Johns Hopkins University says the global death toll from COVID-19 has surpassed 600,000.
The university's tally as of Saturday night says the United States tops the list with 140,103 deaths. It is followed by 78,772 fatalities in Brazil and 45,358 in the United Kingdom.
The number of confirmed infections worldwide has passed 14.2 million, out of which 3.7 million are in the United States. There are over 2 million in Brazil and more than 1 million in India.
The World Health Organisation again reported a single-day record of new infections with 259,848.
WHO reports record daily increase in global coronavirus cases for second day in a row
The World Health Organization reported a record increase in global coronavirus cases for the second day in a row, with the total rising by 259,848 in 24 hours.
The biggest increases reported on Saturday were from the United States, Brazil, India and South Africa, according to a daily report. The previous WHO record for new cases was 237,743 on Friday. Deaths rose by 7,360, the biggest one-day increase since May 10. Deaths have been averaging 4,800 a day in July, up slightly from an average of 4,600 a day in June.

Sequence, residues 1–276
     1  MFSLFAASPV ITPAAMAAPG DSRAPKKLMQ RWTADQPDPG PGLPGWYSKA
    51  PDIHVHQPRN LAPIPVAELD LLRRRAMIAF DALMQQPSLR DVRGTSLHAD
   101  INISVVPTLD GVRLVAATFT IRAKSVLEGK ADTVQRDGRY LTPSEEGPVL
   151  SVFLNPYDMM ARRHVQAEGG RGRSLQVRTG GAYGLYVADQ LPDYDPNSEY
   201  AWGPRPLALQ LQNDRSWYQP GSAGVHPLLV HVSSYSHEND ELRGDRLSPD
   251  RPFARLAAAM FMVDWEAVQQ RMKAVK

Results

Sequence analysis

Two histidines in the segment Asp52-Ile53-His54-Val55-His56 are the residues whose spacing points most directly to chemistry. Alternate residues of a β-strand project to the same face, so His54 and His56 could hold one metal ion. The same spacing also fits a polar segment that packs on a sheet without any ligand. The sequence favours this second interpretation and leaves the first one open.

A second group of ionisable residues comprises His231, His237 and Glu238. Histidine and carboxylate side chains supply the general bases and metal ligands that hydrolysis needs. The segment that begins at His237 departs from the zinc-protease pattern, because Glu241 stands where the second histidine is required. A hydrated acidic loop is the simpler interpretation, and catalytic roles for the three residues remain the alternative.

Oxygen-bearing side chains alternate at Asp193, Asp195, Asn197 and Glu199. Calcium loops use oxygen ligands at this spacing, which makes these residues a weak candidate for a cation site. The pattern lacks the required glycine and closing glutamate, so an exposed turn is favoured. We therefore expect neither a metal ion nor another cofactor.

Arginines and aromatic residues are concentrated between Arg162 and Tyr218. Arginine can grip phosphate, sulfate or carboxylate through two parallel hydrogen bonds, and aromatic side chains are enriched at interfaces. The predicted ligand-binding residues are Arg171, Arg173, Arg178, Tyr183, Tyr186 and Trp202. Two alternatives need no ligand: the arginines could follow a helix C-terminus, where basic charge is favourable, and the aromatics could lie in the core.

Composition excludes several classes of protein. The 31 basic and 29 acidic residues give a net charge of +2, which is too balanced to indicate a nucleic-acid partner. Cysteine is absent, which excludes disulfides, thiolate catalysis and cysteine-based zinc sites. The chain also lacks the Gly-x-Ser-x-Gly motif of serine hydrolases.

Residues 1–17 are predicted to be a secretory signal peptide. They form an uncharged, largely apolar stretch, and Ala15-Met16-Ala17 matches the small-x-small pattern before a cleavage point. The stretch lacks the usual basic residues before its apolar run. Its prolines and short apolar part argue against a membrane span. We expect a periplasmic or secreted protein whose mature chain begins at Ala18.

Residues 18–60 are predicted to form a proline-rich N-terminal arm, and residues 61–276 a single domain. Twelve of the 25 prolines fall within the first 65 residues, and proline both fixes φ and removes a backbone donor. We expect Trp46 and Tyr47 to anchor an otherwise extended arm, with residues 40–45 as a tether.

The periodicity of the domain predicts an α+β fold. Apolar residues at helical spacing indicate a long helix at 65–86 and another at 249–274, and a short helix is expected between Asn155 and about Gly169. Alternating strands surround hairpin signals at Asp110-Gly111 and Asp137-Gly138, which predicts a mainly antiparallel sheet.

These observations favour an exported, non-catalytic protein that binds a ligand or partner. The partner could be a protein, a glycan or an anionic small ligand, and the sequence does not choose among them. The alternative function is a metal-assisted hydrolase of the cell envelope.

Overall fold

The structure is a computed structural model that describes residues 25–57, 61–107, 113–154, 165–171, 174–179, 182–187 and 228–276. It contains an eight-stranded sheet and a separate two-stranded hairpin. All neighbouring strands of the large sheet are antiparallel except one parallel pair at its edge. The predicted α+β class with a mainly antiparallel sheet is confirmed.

Total global coronavirus cases surpassed 14 million on Friday, according to a Reuters tally, marking another milestone in the spread of the disease that has killed nearly 600,000 people in seven months. The surge means that 1 million cases were reported in under 100 hours.
The WHO reported 71,484 new cases in the United States, 45,403 in Brazil, 34,884 in India and 13,373 in South Africa.India on Friday became the third country in the world to record more than 1 million cases of the new coronavirus, behind only the United States and Brazil. Epidemiologists say India is still likely months from hitting its peak.
Cases in Brazil crossed the 2 million mark on Thursday, doubling in less than a month and adding nearly 40,000 new cases a day. A patchwork of state and city responses has held up poorly in Brazil in the absence of a tightly coordinated policy from the federal government.
The United States, which leads with world with over 3.7 million cases, has also tried to curb the outbreak at the state and local levels with only limited success.